Graham Hind reviews Noel Gibbard’s recent book on the history of the Evangelical Movement of Wales (EMW).
I must start with a declaration of vested interest, for I serve on an EMW committee and do so because I love Wales and value highly the Movement’s role.
There is no real English equivalent to the Movement. It maintains a conservative evangelical stance, and is invaluable to the many churches who maintain contact with it, but it has none of the signs or trappings of a denomination.
Its conservative stance embraces a range of theological and ecclesiastical positions – Presbyterians, Baptists, and Congregationalists work ‘side by side’.
Some are ‘Pentecostal’ in their approach to the gifts of the Spirit, while others would declare themselves cessationists. But all long to see the gospel advanced in Wales and share a common burden for revival.
There is a deep interest in missionary work and many missionaries with little or no Welsh connection have benefited from the Movement’s excellent publications, particularly the magazine which is about to be re-launched as The Evangelical Magazine and hopefully have a wider circulation in England.
The hand of the Lord
Dr Gibbard begins with the post-war scene in Wales and shows the context in which the Movement emerged. The key figures are named and their stories recounted.
These are thrilling stories – of men and women meeting the Lord Jesus Christ as their Saviour and coming together to consider how the Evangelical faith could be promoted in Wales.
Prayer meetings and other gatherings are remembered, and there is a thrilling sense of the Lord’s hand on the work in a special movement of the Holy Spirit.
The reader will have to deal with incidents, accurately recorded, which today some might label as ‘prophecy’ or ‘words of knowledge’, and yet were clearly influenced by God. Many of the people named are still alive and well known in England as well as Wales – so you can check the facts for yourself!
If you are a strict cessationist, prepare to have your presuppositions shaken. But if you think that wild disorder and an excess of strange phenomena are marks of the Lord’s work, you will find no support here.
Instead there is a real desire for holiness, evident sacrificial living, and a willingness to do what the Lord requires – coupled with obvious manifestations of his presence.
The opening chapters of this book are firmly in the ‘can’t-put-it-down’ class – if such things appeal to you.
This account of the early years raises one of the two great questions posed by this book, and it is the more important of the two. Simply put, both the Movement and conservative Evangelicals in a wider context must ask where these remarkable tokens of God’s blessing have gone.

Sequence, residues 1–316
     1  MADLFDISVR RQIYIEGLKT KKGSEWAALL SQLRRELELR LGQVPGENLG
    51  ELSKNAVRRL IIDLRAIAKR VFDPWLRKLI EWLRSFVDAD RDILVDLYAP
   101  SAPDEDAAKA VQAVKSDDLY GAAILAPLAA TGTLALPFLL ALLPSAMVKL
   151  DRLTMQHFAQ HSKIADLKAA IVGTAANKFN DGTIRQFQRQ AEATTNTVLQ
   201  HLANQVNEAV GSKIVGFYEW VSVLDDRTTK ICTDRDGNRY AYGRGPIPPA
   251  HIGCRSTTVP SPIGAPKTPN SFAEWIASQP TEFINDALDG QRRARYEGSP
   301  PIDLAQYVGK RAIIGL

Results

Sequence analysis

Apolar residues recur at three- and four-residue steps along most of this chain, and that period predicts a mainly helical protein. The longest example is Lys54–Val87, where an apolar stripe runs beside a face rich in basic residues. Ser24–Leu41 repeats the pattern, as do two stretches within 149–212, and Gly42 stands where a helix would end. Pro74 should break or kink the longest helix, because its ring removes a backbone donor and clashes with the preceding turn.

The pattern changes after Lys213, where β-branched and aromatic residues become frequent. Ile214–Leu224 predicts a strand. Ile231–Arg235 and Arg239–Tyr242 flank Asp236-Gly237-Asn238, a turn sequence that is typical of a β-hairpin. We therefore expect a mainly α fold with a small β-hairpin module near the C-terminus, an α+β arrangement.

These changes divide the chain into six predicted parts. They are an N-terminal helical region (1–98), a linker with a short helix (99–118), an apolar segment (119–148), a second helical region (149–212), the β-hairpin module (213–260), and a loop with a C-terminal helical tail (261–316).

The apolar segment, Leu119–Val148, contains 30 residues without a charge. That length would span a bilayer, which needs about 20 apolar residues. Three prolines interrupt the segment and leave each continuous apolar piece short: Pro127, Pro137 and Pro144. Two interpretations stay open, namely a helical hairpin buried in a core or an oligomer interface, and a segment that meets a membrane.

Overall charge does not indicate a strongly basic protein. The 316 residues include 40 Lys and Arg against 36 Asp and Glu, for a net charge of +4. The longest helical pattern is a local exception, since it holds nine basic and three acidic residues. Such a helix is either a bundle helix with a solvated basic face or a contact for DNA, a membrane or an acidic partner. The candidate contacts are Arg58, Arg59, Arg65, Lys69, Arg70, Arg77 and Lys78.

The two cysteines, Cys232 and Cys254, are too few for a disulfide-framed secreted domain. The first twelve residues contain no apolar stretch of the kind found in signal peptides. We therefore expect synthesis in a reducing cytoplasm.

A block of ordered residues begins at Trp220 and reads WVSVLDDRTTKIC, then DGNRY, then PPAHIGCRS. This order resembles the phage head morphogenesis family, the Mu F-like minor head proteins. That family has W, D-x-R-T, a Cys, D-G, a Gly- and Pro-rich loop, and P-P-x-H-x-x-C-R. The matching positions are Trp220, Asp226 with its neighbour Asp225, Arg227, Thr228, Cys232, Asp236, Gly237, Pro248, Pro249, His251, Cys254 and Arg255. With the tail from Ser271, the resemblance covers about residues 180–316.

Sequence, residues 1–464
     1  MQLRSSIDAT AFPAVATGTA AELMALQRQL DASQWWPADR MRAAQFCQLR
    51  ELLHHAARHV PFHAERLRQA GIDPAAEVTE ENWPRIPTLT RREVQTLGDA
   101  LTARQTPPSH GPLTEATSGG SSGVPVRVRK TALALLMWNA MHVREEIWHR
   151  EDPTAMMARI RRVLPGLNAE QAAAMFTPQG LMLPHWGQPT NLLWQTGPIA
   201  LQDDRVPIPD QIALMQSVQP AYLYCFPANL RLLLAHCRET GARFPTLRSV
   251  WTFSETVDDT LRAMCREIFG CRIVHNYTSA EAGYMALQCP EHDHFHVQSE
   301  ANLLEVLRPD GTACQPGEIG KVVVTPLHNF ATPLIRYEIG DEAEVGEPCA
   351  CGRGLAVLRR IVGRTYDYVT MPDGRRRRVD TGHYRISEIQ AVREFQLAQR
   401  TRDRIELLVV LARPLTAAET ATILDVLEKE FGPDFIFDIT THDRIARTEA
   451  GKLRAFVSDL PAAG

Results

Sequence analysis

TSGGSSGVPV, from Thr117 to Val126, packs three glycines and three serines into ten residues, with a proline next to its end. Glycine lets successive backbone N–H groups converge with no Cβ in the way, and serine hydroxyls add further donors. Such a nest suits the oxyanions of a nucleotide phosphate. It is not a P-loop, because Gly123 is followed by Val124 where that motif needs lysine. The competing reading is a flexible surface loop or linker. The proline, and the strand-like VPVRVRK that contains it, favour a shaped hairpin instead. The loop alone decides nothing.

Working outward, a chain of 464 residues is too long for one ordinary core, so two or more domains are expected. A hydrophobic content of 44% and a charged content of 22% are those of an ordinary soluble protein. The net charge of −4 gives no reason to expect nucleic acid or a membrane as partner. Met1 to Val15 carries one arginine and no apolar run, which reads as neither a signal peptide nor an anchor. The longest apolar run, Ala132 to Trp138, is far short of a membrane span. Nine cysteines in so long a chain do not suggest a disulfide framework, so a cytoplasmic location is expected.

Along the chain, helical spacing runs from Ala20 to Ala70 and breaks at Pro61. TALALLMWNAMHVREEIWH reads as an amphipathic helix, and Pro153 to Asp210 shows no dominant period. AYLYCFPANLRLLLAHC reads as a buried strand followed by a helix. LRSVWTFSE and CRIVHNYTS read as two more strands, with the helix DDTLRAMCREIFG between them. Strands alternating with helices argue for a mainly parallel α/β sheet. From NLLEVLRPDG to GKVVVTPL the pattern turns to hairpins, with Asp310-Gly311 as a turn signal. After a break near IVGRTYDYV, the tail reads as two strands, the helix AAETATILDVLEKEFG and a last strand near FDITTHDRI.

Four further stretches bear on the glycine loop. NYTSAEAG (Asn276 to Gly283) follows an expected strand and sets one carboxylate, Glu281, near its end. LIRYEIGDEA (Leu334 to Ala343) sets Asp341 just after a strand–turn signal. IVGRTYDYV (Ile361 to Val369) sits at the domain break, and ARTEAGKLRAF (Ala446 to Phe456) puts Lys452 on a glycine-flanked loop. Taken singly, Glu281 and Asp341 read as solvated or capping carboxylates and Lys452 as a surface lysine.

In recent years, in common with Evangelicalism generally, the Movement has been on a sounder financial footing, and more numerous and better equipped than it has ever been. Its books, beautifully produced, along with tapes and so on, are available in a way the pioneers could not have dreamed.
It is no longer a case of six or so in a prayer meeting, or twenty at a conference – the Movement’s English-language Conference is usually full to capacity. Doubtless, our theology is better thought-out and communicated, and more widely accepted.
But where is the sense of the Lord’s presence, and the immediacy of the Holy Spirit? What has happened to the longing for holiness, sacrificial living, and willingness to do what the Lord requires?
The words of Revelation 2:4 and 3:17 have something to say to our generation: ‘Nevertheless I have this against you, that you have left your first love. Remember therefore from where you have fallen … you say, “I am rich, have become wealthy, and have need of nothing” – and do not know that you are wretched, miserable, poor, blind, and naked!’
Nationalism and the gospel
The other question raised by this book is perhaps less obvious, but is still important. It was printed first in Welsh, and this English translation has been adapted to include more mention of the English-language work than the original.
Nevertheless the bias is clearly toward the Welsh work, and there is an underlying assumption that the maintenance of a Welsh-language work is vital – at almost any cost.
In Wales this is a highly controversial matter, and the book takes the position that a strong nationalistic emphasis is wholly compatible with the gospel.
Clearly, Wales is a nation in its own right and has an unquestioned right to its own language. But whether a strong commitment to nationalism (in whatever form) is fully consistent with the gospel, needs to be studied more closely.
The book will certainly appeal to all who love Wales, and particularly to those who are concerned for God’s work there. But I recommend it to all who, in these seemingly prosperous days, feel there is something missing in the church.
By whatever means, may the Lord restore the longing for his presence and power – and come down among us!
The First Fifty Years: The history of the Evangelical Movement of Wales 1948-98 by Noel Gibbard is published by Bryntirion Press (Distributed by Evangelical Press) (200 pages, £9.95, ISBN 1-85049-191-7).